Review: Game Night (2018)
Game Night is the rare Hollywood comedy with a proper story and cinematic style beyond single-camera sitcom coverage and bright lighting. In this, it follows the model of The Hangover rather than The 40-Year-Old Virgin, knowing that scripted jokes delivered by a talented cast and filmed in a clever manner will satisfy viewers in search of both humour and story. In short, it’s a good film and not just a funny one, telling a well-constructed story with lots of jokes instead of merely letting talented performers riff in the hopes of finding a boisterous punchline.
The plot is essentially David Fincher’s The Game redone as a comedy. Max (Jason Bateman) and Annie (Rachel McAdams) run a weekly game night with their friends (Billy Magnussen, Sharon Horgan, Lamorne Morris, Kylie Bunbury), which gets out of hand when Max’s older brother, Brooks (Kyle Chandler), arranges an interactive mystery game that blends fiction and reality. Soon enough, two masked men break into Brooks’ home and violently kidnap him, leading Max, Annie, and their friends to follow clues to rescue Brooks, not knowing whether any of the dangerous scenarios they encounter are real or staged.
While Fincher’s The Game played a similar concept as a moody thriller, Game Night mines the concept for its humour, relying on the juxtaposition between the horrible things occurring on screen and the characters’ nonchalant reactions to them, thinking they’re all part of the game. This can be as simple as the characters feasting on artisanal cheese while the masked men pummel Brooks into submission or Annie gleefully waving around an armed gun and play-acting like she’s Rosanna Arquette in Pulp Fiction during a tense encounter at a bar where Brooks is held captive.
Other scenes rely more firmly on deadpan and discomfort to drive the comedy, especially anything involving Jesse Plemons’ Gary, an awkward cop who is Max and Annie’s next door neighbour, and who mournfully wishes to be invited back to the game nights since his wife left him. In the past, Plemons has played either friendly yet awkward outsiders (Landry in Friday Night Lights) or cold-eyed, innocuous-looking creeps (Todd in Breaking Bad). Here, he synthesizes these two types into one character, creating a figure who is both endearing and more-than-a-little frightening. Each encounter with Gary is a high point in Game Night, mining painful laughs out of Plemons’ deadpan and Jason Bateman’s uncanny ability to play the exasperated straight man.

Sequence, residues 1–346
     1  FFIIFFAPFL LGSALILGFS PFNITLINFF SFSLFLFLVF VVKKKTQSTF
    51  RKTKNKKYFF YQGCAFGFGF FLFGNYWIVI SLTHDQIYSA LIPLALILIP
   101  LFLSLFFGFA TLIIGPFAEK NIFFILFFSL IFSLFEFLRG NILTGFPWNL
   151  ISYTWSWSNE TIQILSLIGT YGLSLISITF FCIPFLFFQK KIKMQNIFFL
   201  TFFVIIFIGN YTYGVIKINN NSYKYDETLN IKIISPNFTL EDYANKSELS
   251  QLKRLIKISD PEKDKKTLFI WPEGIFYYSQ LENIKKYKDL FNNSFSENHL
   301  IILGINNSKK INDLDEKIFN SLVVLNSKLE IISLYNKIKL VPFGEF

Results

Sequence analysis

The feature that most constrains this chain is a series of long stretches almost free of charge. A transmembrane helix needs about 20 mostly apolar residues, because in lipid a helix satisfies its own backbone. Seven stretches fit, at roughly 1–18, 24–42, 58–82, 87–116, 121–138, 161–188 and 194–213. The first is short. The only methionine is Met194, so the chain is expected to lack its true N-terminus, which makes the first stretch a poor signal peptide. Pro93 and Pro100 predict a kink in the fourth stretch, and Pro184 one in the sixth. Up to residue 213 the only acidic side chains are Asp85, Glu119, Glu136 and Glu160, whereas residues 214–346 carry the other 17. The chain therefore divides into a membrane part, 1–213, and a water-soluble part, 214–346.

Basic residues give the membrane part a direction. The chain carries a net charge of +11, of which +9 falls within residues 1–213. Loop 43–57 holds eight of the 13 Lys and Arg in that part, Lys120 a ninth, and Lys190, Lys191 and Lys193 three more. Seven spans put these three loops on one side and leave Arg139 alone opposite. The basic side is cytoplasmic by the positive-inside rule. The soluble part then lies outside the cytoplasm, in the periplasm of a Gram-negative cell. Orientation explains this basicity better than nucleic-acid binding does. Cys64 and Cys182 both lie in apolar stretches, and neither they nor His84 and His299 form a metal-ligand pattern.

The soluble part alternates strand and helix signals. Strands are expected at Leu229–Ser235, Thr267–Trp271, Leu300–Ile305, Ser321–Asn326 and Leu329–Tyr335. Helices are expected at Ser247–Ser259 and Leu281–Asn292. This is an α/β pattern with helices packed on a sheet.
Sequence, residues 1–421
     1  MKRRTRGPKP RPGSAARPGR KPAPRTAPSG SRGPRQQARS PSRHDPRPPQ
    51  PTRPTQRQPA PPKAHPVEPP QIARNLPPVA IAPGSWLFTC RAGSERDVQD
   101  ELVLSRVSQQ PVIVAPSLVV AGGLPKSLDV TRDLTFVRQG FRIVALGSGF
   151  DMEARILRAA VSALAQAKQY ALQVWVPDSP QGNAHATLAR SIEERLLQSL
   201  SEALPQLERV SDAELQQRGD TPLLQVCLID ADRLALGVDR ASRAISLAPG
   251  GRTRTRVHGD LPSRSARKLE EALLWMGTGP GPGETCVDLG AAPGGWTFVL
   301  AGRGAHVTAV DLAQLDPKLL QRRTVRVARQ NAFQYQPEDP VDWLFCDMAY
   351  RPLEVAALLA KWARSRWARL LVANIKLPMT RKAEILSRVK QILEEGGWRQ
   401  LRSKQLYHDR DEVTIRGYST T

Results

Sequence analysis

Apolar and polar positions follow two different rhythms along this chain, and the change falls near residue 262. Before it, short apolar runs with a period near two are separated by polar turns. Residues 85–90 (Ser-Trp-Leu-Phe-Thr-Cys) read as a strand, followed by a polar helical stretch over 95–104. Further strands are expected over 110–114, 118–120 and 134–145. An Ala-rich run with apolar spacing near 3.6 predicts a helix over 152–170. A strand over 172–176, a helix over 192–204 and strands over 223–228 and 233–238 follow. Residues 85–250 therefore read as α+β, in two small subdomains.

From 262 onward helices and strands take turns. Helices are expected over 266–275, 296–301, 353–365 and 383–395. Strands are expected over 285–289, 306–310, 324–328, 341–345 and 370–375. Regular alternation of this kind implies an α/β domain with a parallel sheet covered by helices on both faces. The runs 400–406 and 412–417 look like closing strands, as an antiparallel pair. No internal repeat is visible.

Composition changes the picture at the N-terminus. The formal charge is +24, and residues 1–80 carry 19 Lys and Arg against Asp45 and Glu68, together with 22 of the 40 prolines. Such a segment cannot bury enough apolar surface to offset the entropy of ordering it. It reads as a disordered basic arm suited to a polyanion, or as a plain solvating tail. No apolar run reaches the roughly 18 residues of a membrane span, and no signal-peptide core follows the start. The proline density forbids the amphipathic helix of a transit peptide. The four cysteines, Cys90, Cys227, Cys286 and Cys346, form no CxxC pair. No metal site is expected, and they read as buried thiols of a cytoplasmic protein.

Even when the jokes aren’t flying, Game Night is entertaining. The plot is appropriately twisty and keeps you guessing even if some of the reveals are overly-telegraphed. As well, directors John Francis Daley and Jonathan Goldstein demonstrate a visual competence that is rarely present in Hollywood comedies. For instance, they know how to shoot an action scene. During a car chase midway through, they use fixed cameras behind the cars to isolate the action and let the viewer feel the rush of racing through the streets. In other scenes, they actually try to stun viewers with the visuals, especially when they use a one-shot long take to show a haphazard chase through a mansion. Most comedies are content to rely on two-shots and overexposed lighting instead of developing a visual style, but Game Night plays with shadows and wide angles and moves the camera in ways that actually play with the space on screen.
Perhaps I’m damning Game Night with faint praise by pointing out that it’s competently constructed and well written and has a discernible visual style, instead of calling it exceptional as a mystery and a work of visual art. But the mere fact that it is satisfying as both a comedy and a film is not something to undersell. The rigorous competence of Game Night is an achievement in itself.
7 out of 10
Game Night (2018, USA)
Directed by John Francis Daley and Jonathan Goldstein; written by Mark Perez; starring Jason Bateman, Rachel McAdams, Billy Magnussen, Sharon Horgan, Lamorne Morris, Kylie Bunbury, Jesse Plemons, Michael C. Hall, Kyle Chandler.